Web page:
The biggest challenge you may face is in the cities where there is (sadly) quite a bit of air pollution from car and motorcycle exhaust. Again, a face mask may help with this as well as trying to stay out of congested road areas at busy times (mostly in the evenings). Moroccans tend to roll the windows down to circulate cold air instead of using air conditioning so this is something to be aware of as well.
Allergies to insect stings
Bring your medication with! If your child has allergies to stings you'll want to have everything you need on hand at all times. Because the window is so short to administer medication you will want the piece of mind. There are spiders (non venomous), scorpions (very rare to see in the city), mosquitos and a few other bugs that like to take a nibble. Usually January, February, July, August, and December are the months with the fewest number of bugs.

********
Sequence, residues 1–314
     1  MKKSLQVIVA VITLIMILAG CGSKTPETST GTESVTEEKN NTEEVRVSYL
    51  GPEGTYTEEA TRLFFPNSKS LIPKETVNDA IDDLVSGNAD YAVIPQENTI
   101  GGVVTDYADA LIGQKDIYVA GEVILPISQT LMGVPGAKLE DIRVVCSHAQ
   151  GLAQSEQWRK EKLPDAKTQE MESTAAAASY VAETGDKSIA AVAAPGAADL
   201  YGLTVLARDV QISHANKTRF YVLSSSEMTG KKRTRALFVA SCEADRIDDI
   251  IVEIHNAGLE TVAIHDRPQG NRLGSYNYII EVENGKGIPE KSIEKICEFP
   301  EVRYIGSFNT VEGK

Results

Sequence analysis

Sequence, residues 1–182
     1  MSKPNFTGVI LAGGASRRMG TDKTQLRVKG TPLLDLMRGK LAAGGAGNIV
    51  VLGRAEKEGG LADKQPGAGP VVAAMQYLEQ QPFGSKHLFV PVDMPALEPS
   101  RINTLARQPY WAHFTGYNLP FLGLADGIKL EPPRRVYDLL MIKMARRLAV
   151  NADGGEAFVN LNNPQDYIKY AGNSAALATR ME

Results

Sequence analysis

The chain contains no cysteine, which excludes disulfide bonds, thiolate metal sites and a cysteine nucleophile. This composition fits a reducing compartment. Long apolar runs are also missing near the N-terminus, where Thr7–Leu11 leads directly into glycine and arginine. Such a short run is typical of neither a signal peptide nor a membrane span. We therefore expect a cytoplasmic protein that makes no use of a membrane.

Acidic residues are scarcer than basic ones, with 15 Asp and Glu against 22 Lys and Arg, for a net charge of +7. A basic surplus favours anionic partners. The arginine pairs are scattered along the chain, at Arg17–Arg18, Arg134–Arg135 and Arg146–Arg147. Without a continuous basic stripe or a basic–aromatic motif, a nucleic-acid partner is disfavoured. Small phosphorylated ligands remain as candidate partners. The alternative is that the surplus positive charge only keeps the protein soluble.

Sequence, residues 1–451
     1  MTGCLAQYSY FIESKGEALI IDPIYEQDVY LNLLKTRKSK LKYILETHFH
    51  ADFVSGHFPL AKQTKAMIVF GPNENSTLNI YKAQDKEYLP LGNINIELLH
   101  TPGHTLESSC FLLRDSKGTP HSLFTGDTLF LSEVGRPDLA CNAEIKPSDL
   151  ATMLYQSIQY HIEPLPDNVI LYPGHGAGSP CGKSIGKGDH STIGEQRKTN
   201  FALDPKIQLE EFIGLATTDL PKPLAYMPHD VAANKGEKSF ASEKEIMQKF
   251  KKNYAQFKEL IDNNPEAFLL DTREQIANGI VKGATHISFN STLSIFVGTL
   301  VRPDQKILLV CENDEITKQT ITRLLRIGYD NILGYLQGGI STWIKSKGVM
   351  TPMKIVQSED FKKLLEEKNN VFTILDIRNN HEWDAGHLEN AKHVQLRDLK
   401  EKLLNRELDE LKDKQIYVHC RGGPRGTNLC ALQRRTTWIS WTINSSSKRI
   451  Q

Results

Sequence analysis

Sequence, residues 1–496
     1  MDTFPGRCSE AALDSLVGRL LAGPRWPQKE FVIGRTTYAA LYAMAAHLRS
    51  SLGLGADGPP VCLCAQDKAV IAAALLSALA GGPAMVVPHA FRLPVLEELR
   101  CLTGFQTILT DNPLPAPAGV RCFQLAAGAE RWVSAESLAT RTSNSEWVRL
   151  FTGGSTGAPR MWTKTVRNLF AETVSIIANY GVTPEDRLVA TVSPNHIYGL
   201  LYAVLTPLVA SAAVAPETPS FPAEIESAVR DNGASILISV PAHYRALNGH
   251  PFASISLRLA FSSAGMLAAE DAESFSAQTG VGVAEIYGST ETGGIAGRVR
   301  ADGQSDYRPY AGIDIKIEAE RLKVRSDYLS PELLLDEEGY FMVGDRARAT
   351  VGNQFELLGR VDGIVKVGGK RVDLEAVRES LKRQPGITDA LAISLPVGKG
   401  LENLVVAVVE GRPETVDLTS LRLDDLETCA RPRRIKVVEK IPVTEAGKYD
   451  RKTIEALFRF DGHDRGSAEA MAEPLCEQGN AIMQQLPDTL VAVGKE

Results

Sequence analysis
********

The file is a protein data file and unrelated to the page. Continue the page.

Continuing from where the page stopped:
There are a few vaccines that are suggested before visiting Morocco, the most critical being Hepatitis A. It is highly advisable to have this vaccine if possible. However, if your child is not immunized for this or other childhood illnesses because of medical reasons it doesn't mean you can't come to Marrakech. The VAST majority of children are vaccinated against all childhood diseases (except chicken pox). This is a requirement in Morocco. There is very very low chance of contracting diseases like measles or mumps. There is little to no malaria and very minimal cases of typhoid (mostly in rural areas). Overall it is a very safe destination.